Note in FIG. 3 that the hinged and rotatable air outlet cover 34, due to the force of gravity, has rotated to a position resting against the outlet grid 44. The air outlet cover 34 fulfills an important objective of the present invention. As can be appreciated, if not for the air outlet cover 34, the duct 32 would need to occupy a height many times taller than shown in order to direct the airflow from the gridwork 31 to the outlet grid 44.

As shown in FIG. 4, the air outlet cover 34 can rotate to a position where it rests against the bottom panel 54 of the duct 32. It is in this manner that the drying rack assembly 16 is manufactured in a form that is easily stored.

One fundamental purpose of a drying rack is to allow delicate items to dry in a stationary fashion. Due to the nature of these delicate fabrics, it is also desirable to limit the air temperature to which the fabric is subjected. It has been shown through testing that in cases where the fabric to be dried substantially covers the gridwork 31 of the perforated tray 30, the temperature of the heated air increases rapidly. Because the temperature controlling thermostat (not shown) is located downstream on the blower 38, the blockage created by the clothing causes the thermostat to have a slower responsiveness to rapidly rising temperatures. This may result in higher than desired clothing temperatures.

As shown in FIG. 4, bypass air holes 63 are provided in the bottom panel 54. This secondary path for airflow serves two purposes. First, in cases where the fabric to be dried substantially covers the gridwork 31, the airflow volume is improved to keep the rate of the air temperature rise lower. Second, a path is maintained to provide this airflow to the blower 38 where the temperature-controlling thermostat, not shown, is mounted. In this manner, the thermostat is better able to react to the rising air temperature. The resulting maximum air temperature is controlled to a lower temperature than can be expected without the bypass air holes 63.

As further shown in FIG. 4, a sliding damper 64 provides a variable, bypass airflow. The damper 64 is molded from a suitable plastic material and includes an integrally molded handle 66 to facilitate adjustment of damper 64. The bottom panel 54 of duct 32 includes tabs 70 molded in parallel rows to retain the damper 64. Due to the flexible nature of the plastic, the damper 64 can be deformed during the assembly process to enable insertion of the damper 64 under the tabs 70.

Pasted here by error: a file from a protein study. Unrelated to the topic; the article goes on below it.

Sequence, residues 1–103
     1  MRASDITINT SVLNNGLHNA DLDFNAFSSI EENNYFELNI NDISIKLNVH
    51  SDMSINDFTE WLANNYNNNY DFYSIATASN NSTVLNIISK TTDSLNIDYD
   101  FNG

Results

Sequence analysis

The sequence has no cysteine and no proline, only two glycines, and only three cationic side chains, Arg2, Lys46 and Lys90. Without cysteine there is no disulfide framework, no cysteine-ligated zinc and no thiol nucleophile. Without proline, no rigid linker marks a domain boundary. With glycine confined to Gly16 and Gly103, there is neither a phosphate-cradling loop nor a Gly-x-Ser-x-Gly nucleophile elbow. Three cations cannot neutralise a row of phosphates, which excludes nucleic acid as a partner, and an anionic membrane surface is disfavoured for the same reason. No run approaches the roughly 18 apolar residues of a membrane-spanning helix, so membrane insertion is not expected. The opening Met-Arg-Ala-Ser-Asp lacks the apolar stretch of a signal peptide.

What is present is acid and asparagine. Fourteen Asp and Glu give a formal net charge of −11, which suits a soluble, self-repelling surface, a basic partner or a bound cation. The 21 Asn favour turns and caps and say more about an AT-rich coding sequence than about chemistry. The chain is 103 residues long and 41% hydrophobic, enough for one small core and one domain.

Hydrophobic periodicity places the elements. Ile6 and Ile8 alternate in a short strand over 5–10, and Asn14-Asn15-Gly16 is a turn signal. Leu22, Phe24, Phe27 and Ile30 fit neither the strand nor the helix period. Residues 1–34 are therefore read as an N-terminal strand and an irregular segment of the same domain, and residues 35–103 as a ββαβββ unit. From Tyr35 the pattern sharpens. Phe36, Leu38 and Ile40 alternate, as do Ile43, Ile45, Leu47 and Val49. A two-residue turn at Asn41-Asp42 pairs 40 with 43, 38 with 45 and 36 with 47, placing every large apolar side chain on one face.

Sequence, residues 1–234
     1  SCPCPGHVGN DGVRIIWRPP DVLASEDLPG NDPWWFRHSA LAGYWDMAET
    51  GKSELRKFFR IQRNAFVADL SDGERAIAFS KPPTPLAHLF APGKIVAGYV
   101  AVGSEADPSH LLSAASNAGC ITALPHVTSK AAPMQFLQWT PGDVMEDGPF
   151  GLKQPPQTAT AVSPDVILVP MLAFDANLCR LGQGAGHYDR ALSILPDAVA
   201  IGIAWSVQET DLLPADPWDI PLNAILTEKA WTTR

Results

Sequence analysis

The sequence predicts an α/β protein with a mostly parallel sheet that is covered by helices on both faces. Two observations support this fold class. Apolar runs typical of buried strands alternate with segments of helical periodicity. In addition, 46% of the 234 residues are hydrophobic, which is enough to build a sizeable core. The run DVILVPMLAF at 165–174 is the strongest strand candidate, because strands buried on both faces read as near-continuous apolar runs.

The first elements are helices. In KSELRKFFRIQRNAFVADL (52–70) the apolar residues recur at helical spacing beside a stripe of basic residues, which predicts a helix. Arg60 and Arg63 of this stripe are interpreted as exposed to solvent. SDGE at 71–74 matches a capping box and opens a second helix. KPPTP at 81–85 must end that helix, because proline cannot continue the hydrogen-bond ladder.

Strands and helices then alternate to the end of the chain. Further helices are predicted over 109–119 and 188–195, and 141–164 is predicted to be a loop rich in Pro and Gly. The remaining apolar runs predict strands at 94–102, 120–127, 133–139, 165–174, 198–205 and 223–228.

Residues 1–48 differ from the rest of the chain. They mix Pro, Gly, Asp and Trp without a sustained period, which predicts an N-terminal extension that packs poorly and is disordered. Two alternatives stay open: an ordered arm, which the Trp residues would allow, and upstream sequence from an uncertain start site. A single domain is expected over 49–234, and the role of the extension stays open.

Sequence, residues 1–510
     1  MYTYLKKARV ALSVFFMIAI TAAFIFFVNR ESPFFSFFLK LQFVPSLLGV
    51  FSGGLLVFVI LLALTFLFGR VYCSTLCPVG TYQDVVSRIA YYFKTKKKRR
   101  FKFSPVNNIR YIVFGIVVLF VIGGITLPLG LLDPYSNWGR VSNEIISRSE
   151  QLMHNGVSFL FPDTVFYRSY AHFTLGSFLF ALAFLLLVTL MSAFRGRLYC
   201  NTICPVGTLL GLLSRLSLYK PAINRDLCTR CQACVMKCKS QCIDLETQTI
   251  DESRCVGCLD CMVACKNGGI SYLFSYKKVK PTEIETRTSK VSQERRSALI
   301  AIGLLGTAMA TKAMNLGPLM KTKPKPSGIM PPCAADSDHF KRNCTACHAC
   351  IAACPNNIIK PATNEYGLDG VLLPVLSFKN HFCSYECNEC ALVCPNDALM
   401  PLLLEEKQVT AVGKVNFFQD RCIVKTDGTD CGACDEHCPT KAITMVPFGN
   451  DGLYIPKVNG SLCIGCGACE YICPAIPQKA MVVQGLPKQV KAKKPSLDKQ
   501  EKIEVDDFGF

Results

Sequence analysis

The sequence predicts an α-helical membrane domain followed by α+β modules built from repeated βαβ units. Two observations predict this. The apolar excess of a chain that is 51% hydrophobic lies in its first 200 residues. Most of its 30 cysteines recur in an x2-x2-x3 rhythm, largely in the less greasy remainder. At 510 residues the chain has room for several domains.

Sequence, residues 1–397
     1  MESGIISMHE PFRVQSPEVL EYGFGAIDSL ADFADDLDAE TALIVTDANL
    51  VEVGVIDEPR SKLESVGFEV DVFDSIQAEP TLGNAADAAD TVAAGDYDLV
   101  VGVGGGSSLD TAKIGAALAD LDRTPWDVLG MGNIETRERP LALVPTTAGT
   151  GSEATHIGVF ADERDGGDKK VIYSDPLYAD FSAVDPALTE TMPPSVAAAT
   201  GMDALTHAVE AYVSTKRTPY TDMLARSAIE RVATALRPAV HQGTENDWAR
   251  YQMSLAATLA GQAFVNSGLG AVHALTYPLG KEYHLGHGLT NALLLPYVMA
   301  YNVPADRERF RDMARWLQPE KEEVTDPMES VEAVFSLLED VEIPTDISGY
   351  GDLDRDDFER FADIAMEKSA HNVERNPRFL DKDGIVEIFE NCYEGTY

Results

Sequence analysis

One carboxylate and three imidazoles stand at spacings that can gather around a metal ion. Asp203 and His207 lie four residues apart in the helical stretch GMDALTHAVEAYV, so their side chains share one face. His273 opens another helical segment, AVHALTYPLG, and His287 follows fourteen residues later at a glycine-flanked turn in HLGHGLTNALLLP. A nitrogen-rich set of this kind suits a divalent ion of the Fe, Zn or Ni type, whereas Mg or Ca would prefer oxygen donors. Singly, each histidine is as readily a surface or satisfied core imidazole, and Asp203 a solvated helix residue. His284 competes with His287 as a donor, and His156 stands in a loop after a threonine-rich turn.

The consumer/operator has the ability to select the degree of bypass airflow desired in direct relationship to the degree to which the fabric covers the gridwork 31. For example, if the gridwork is substantially covered, it is desirable to position the damper 64 to provide a great degree of bypass air as shown in FIG. 4. In comparison, if the gridwork 31 is largely uncovered by the article to be dried, the damper 64 may be positioned as shown in FIG. 5 to provide a lesser amount of bypass air. An intermediate position is also provided.

Various features are provided in the bottom panel 54 to create discrete positions for the damper 64. Stops 72 are provided at each end of the damper travel to keep the damper 64 assembled under the tabs 70. Additionally, spherical domes 68 are molded in the damper 64, and corresponding spherical dimples 74 are molded into the bottom panel 54. The alignment of the domes 68 and dimples 74 provide a positive retention feature at the discrete locations described above.

The description of bypass air holes 63 in the bottom panel 54 is not intended to be limiting. As can be appreciated, there are numerous acceptable embodiments for the creation of an air path that bypasses perforated tray 30. For instance, the holes could be located in the side walls 50, 51, 52 or air outlet cover 34. Further, it has been demonstrated through testing that the removal of one side wall 50, 51, 52 of the duct 32 results in an acceptable degree of bypass airflow. Still another possible way to create the second airflow path could be to change the size of the air outlet cover 34. The size could be modified such that the air outlet cover 34 does not overlay the entire portion of the outlet grid 44 that does not interface with the duct 32.

Additionally, bypass airflow can be included on ducted drying racks that do not employ the usage of the air outlet cover 34. Other methods for creating the bypass airflow are contemplated and are within the spirit of the present invention.